Table Graphic Jump LocationTable 5. Clinical Outcome (Assessed by HVVSS and DPPG) and Health-Related Quality of Life (CIVIQ-2)
Disease-Specific QOL

The CIVIQ-2 scores improved significantly in both groups from before surgery to 3 months after surgery (P   <  .001) and further improved in the HLS group from 3 to 12 months after surgery (P  =  .01). There were no significant differences between groups either in the overall score or in the subscore items (pain, physical, psychological, social well-being) (see Table 5 for P values). However, we observed a trend toward a better QOL 3 months after EVLT, particularly concerning pain (P  =  .07) (Table 5).

Patients' Satisfaction, Cosmetic Outcome, and Recovery

All patients were asked to evaluate their satisfaction with each treatment and with the cosmetic results by VAS-based questionnaires (scale, 1-5). Cosmetic outcome was rated significantly better by the EVLT group at the 2-year follow-up (1.5 vs 1.7; P  =  .02). We detected no other differences between the treatments. At the 2-year follow-up, 98% of all patients stated that they would undergo each treatment again if medically necessary.

Furthermore, the patients were asked to indicate how long the recovery took until they could resume basic physical activities (eg, walking around without discomfort, doing housework) and capacity to work. Basic activity was achieved after 4.8 days (EVLT group) and 4.0 days (HLS group) (P  =  .13), and the ability to work or to perform comparable tasks was achieved after 10.4 and 11.8 days (P  =  .02).

This is, to our knowledge, the largest and most powerful RCT comparing an endovenous technique with conventional surgery at this time. Both methods —EVLT and HLS of the GSV —are equivalent in terms of the primary objective of clinical recurrence and most of the secondary objectives at 2-year follow-up. This major finding is in accordance with those all of the RCTs published so far comparing EVLT and HLS.11,1621 The patients were remarkably satisfied with the treatment results of both procedures. Ninety-eight percent of the study population would undergo each treatment once again. In addition, the clinical outcome did not differ. However, some findings were surprising and contradictory to those in the corresponding literature.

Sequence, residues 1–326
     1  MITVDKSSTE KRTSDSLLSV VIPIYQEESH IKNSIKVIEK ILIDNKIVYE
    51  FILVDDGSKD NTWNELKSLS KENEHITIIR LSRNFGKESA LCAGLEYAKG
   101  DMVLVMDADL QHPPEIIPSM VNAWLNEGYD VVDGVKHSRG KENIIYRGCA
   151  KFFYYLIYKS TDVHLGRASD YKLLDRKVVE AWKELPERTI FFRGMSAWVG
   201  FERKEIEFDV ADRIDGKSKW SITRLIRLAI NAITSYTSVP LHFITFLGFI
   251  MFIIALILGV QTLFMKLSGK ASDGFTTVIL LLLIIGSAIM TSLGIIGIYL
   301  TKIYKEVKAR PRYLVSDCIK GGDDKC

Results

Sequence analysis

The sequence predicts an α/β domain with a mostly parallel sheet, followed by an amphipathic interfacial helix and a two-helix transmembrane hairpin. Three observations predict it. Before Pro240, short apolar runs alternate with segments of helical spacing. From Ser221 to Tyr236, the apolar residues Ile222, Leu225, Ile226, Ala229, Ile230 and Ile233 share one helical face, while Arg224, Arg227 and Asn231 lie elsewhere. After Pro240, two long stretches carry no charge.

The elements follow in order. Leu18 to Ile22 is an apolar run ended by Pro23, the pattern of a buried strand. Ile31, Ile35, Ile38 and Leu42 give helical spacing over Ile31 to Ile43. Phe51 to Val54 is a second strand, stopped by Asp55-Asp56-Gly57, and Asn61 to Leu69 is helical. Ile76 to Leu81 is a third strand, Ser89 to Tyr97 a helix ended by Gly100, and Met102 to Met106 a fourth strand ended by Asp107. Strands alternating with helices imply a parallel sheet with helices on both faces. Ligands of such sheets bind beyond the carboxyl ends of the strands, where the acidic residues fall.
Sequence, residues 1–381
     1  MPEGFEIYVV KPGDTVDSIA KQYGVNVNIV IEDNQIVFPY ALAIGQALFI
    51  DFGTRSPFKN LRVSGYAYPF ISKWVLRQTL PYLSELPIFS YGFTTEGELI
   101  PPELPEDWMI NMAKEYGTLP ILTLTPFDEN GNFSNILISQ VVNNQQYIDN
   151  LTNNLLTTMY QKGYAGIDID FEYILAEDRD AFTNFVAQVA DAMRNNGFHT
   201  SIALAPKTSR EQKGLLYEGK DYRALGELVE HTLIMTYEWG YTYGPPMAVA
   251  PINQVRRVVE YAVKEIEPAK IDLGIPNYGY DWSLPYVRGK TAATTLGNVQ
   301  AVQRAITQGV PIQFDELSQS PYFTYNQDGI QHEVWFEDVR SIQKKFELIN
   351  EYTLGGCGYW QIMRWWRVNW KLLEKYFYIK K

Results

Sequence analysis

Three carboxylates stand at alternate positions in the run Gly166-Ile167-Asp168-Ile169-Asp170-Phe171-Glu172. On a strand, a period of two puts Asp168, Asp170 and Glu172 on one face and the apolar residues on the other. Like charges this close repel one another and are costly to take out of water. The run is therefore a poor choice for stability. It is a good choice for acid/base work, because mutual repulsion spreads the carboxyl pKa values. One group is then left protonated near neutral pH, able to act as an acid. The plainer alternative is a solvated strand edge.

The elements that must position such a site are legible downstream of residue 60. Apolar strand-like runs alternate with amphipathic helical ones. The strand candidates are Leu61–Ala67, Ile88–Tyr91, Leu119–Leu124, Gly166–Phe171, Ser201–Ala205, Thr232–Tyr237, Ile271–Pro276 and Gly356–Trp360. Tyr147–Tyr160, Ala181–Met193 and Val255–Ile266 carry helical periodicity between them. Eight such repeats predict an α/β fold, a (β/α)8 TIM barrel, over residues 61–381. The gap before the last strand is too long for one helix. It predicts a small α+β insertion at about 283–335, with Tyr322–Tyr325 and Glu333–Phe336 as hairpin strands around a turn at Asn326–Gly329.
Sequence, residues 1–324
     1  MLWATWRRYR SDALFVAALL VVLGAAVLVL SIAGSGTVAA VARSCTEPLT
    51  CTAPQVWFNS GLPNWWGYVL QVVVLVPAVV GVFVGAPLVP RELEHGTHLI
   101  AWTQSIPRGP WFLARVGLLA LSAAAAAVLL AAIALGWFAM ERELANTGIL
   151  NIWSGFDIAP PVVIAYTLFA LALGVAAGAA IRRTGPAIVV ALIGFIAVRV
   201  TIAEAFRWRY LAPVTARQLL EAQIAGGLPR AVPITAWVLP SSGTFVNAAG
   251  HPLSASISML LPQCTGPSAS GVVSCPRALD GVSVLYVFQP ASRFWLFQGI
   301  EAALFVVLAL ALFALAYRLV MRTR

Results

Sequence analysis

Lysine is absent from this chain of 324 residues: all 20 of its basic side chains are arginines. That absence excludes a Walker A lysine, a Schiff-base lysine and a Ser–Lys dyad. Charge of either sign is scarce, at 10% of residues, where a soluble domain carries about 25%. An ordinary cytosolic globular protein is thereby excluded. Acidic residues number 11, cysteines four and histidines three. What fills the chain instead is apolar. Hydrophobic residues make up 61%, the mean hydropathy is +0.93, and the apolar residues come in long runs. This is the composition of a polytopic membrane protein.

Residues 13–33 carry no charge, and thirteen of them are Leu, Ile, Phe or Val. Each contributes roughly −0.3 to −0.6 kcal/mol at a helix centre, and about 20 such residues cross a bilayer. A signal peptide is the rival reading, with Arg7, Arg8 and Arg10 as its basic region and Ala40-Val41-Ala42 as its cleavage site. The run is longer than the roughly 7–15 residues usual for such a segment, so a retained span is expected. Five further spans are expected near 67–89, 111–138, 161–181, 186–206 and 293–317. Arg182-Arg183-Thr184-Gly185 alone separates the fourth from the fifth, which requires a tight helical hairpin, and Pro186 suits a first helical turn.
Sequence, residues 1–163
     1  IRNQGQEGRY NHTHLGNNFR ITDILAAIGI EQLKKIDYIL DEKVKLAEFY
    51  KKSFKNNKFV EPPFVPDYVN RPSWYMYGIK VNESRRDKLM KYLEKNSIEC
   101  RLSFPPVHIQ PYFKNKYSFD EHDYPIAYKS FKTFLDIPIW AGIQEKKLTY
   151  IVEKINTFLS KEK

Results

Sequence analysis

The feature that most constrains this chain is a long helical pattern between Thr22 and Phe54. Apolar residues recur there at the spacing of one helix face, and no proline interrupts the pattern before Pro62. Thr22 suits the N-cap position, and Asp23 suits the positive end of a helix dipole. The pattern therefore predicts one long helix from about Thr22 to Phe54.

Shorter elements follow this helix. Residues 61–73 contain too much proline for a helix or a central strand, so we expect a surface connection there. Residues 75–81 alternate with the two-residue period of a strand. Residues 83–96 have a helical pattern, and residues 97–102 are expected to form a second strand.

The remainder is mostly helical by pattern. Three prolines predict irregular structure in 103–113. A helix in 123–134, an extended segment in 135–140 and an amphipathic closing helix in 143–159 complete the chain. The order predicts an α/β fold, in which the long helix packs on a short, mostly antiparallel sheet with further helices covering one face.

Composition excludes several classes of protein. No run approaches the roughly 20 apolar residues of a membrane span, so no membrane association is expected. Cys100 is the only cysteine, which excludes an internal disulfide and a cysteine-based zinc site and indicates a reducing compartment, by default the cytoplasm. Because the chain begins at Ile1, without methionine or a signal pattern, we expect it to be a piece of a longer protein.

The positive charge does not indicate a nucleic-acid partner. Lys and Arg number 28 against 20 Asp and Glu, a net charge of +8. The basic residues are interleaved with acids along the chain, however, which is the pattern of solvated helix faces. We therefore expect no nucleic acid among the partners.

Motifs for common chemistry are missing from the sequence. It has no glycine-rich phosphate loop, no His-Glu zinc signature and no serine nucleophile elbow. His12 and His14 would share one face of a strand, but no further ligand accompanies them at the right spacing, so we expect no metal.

The duplex-detected saphenofemoral recurrence rates were the opposite of what we expected according to available publications at the study initiation, which were predominantly single center case series. Concerning EVLT, the 2-year rate of 17.8% was in the upper range of RCT data published to date (7.4%-17.5%).10,16,17,20 This rate might be improvable by modifying the treatment protocol with less power but with a higher linear endovenous energy dose (LEED) as recently recommended (>60 J/cm),32 although pullback velocity and LEED, at least concerning the larger GSVs, were within the recommended ranges.33 However, these recommendations are not proved by RCTs, and we could actually not find a negative correlation between LEED and duplex recurrence (data not shown).

More striking is the low saphenofemoral recurrence rate after HLS after 2 years (1.3%) that is warranted by crossover follow-up investigations at both centers. This finding confirms the study of Frings et al,7 who significantly reduced saphenofemoral recurrence by invaginating the GSV stump with a nonresorbable suture. In contrast, comparable studies using silicon or polytetrafluoroethylene patch barriers revealed duplex-detected recurrent reflux rates of 6% to 21% after 1 to 3 years.6,8 Besides the suture technique and neoreflux protection with nonresorbable material that we used in this study, an additional important detail might be that surgery was performed under tumescent local anesthesia (TLA), which allows for a gentle bloodless preparation, thus minimizing the surgical trauma and hypothetically alleviating the risk of neovascularization.12 To our knowledge, the role of TLA as a protective factor in neoangiogenesis has not been investigated so far. However, Christenson et al20 reported a similarly low saphenofemoral recurrence rate 2 years after HLS, which they performed under general or spinal anesthesia.